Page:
There are some fruits that people are, generally speaking, fairly comfortable encountering in a savoury dish. Few people would bat an eyelid at a sliver of apple turning up alongside their roast pork, either in sauce form or maybe – outré prospect as it is – in thick wedges, roasted alongside the meat to soak up its delicious juices. Although a subject of mockery, ham and pineapple is a pretty established combination by now, whether it’s performing the ludicrous feat of turning your margherita into a ‘tropicana’, or in the form of a lurid golden ring of fruity goodness perched atop a fat pink slab of salty gammon.Read More
Everything turns orange in the world of food media around this time of year. You can’t look at a recipe without finding that pumpkin has been sneaked in there somewhere. Sweet or savoury, breakfast or dinner, between the months of September and December it’s almost guaranteed to contain the golden vegetable, especially if it’s come from anywhere near America (in which case it will almost definitely also include cinnamon).Read More
In my mind, there are two types of plums. The first are those that appear year-round in supermarkets, often in plastic punnets with a label saying 'Ripen at home'. They are imported, usually from South Africa. They are often nearly perfectly spherical, firm and glossy-skinned, and come in three different colour varieties: bright greenish-yellow, slightly translucent; dark black-purple, with a matt white bloom misting the surface; or vivid uniform magenta. These are perfectly fine - they are very reliable, delivering without fail a pleasantly tart crunch when slightly underripe and something slightly more sweet when ready. They also cook well, holding their shape under the pressure of heat.Read More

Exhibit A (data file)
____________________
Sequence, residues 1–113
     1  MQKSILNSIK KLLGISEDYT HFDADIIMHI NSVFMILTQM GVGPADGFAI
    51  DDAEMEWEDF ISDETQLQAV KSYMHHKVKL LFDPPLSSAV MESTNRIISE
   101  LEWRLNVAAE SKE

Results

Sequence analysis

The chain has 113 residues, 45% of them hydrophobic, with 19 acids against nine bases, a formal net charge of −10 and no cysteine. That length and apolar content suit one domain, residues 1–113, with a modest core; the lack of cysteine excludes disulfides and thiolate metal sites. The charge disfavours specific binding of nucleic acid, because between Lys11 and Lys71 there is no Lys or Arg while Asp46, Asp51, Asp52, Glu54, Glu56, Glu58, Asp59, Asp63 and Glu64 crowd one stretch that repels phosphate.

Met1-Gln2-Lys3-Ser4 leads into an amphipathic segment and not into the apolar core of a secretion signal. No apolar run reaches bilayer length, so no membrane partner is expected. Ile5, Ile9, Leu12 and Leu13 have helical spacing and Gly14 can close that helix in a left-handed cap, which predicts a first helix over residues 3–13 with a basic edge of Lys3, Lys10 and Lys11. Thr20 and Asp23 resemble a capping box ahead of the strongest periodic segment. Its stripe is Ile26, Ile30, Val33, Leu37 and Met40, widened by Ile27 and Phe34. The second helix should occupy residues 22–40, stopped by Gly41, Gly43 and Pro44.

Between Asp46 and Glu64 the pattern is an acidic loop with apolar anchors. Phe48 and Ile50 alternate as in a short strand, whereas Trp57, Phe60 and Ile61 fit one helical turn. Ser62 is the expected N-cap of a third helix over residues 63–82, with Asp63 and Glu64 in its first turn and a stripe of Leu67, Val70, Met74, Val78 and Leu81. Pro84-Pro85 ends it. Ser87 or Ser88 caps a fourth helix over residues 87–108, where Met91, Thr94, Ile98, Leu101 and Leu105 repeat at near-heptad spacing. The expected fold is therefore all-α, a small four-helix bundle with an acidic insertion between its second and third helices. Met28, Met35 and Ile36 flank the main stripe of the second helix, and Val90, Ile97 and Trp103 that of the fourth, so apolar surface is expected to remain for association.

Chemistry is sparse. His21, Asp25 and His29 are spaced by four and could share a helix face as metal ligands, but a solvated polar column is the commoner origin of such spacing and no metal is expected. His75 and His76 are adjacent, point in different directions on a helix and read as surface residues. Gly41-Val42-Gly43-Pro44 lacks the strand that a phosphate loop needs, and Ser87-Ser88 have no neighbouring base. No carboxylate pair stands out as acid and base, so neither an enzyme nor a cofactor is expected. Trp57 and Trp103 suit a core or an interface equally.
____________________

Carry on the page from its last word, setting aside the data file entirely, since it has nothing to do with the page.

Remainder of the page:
I hoard egg whites. It’s almost a sickness. I am physically incapable of throwing them away. It’s part of my general ‘physically incapable of throwing any form of food away’ neurosis. Sometimes, when there are leftovers after a meal, but an annoying amount that I either won’t eat or won’t turn into another meal, I have to enlist one of my dinner guests to tip them into the bin, such is my incapability of transferring food from plate to rubbish.
I think it’s Nigella who writes in one of her books that she now breaks eggs directly into the sink when she just needs the yolks. Sort of the egg-separating equivalent of ripping off a plaster really quickly – there’s a momentary pang as you watch the yellow, viscous substance slide quiveringly down the plughole, but there’s nothing you can do to prevent it. It’s a question of active agency, I think: somehow doing it that way seems like an accident, not your fault – as opposed to the reckless, pre-meditated crime of physically tipping a bowl of egg whites into the bin or sink.
I can’t even manage this, though. It’s ludicrous, I realise, since eggs cost all of about 30p each and are in plentiful supply. A few lost whites do not constitute a major crime against food conservation. I should probably see some kind of specialist about this - often inhibiting - reluctance to discard anything remotely edible.